Wether incomes still can’t compete

As we move towards recess for wool markets, and what should be near the peak of the lamb market for the year, it’s time for another look at relative prices. Has the rally in wool markets been enough to see more Merino joinings next year or save some wethers from the market?

The last fortnight has seen wool prices ease off highs, but they are still much better than this time last year.  We should clarify a little, fine wool prices are much stronger, with the 19 MPG up 36% while the 21 MPG is 8% higher.  For the sake of this analysis, we’ll use 19 MPG prices, as there are more 19 micron Merinos than any other.

Since the Covid inspired wool price crash we have shown figure 1 a few times.  It shows the 19MPG wool prices, the Eastern States Trade Lamb Indicator (ESTLI) and the wool premium to lamb.  The wool premium to lamb is a very rough proxy for the relative profitabilities of wool and lamb enterprises. 

The higher the wool price relative to lamb, the more profitable a wool enterprise will be compared to a pure lamb production business.

The 19 MPG fell to just a 44% premium to the ESTLI in October 2020, having fallen from highs just above 250% in March 2019.  Since the low last October, the rising wool price and relatively steady lamb price, has seen the 19 MPG premium move back above 100%, getting to 120% but falling back to 103% last week.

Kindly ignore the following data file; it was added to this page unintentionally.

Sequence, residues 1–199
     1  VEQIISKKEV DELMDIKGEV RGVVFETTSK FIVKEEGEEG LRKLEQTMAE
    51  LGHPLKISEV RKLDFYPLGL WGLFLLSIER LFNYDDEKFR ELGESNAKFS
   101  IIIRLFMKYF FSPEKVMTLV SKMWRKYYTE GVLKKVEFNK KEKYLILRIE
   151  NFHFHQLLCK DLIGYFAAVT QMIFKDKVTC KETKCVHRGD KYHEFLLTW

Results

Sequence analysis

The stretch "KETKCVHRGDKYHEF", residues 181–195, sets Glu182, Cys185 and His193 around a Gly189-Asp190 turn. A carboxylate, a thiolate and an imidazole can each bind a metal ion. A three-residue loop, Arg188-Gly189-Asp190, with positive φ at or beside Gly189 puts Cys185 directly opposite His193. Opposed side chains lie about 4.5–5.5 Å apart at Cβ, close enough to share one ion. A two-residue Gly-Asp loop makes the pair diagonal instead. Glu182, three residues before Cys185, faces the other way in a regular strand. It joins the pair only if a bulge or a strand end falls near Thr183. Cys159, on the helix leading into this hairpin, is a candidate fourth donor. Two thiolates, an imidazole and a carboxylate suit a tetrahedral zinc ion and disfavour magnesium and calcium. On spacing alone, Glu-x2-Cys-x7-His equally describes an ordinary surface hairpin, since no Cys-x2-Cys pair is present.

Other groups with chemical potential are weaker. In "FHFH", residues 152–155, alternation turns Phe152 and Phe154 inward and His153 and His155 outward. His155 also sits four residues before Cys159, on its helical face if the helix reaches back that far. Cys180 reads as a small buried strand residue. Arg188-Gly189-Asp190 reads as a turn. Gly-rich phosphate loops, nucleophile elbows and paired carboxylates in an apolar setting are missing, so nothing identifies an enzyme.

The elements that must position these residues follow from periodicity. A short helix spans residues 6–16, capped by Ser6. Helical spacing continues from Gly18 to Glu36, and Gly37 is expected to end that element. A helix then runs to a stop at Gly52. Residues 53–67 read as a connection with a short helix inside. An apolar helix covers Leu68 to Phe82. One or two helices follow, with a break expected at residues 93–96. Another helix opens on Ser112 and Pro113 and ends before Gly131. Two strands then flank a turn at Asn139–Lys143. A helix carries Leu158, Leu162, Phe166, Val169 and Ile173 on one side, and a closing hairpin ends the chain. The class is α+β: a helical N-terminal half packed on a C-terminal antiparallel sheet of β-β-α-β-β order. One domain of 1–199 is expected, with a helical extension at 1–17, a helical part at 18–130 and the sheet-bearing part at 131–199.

Figure 1 shows that despite the solid improvement in wool prices and the wool premium to lamb, it remains at the bottom of the historical range.

To see how the relative prices affect enterprise income we need to make some assumptions.  For wethers we are assuming they are 1 dry sheep equivalent (DSE), and they cut 3.6kgs clean 19 micron wool.  Merino ewes are 1.5 DSE, cut 3.25 kgs of wool, and produce 0.7 lambs at 12.6kgs cwt.  Composite ewes are 2 DSE, produce 2.65 kgs of 32 micron wool, and 1.25 lambs weaned at 15.4 kgs cwt.

Figure 2 shows the change in income per DSE over time for the three enterprises, and wethers are still lagging well behind.

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What does it mean?

Wether annual income per DSE has improved markedly with the rise in wool prices, but with lamb prices remaining very strong, wethers income can’t get near ewe income.  Obviously costs for wethers are a lot lower, and from 2017 to 2020, they were a very good enterprise. 

At current income levels, it’s hard to see too many Merino wethers making it past the lamb stage.  Finer wool is at a better premium, and sub 18 micron wethers might have a chance.  In general, wool prices might need to improve further to encourage the expansion of wool enterprises where meat sheep are an option.

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Key Points

  • Wool prices have improved but remain at a lower than normal premium to lamb values.
  • Wether incomes have risen markedly, but lamb and Merino ewe incomes are well in front.
  • There is likely going to have to be further increases in wool prices for strong Merino flock expansion.

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Data sources: MLA, Mecardo

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